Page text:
Eric S. Raymond, one of open-source’s founders, said in his seminal work, The Cathedral and the Bazaar, “Every good work of [open-source] software starts by scratching a developer’s personal itch.” There’s a lot of truth to that. Vital programs such as the Apache web server, MySQL, and Linux began that way and numerous smaller programs did too. But it’s not likely many people had a personal itch to create giant vertical programs such as telecommunications’ OpenDaylight and OPNFV or Automotive Grade Linux (AGL)’s Unified Code Base. Today, vertical companies focused on narrow interests also embrace open-source methods and software with open arms.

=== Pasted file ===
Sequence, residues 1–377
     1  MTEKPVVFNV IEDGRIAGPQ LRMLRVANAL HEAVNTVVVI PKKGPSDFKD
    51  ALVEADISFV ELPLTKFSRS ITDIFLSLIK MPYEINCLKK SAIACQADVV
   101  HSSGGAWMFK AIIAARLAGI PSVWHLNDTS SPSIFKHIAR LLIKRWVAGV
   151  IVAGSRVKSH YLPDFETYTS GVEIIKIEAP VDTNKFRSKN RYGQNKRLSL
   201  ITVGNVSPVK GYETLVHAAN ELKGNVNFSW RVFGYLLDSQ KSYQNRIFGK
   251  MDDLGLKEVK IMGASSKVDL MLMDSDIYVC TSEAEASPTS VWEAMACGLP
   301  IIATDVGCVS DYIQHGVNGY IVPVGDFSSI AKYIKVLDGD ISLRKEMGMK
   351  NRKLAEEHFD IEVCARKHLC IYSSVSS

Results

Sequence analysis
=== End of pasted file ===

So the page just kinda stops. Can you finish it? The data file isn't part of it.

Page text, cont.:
Why? Because open source just works.
This isn’t just my observation. A recent McKinsey & Company report, How software excellence fuels business performance, found, the “biggest differentiator” for top-quartile companies in an industry vertical was “open-source adoption,” where they shifted from users to contributors. The report’s data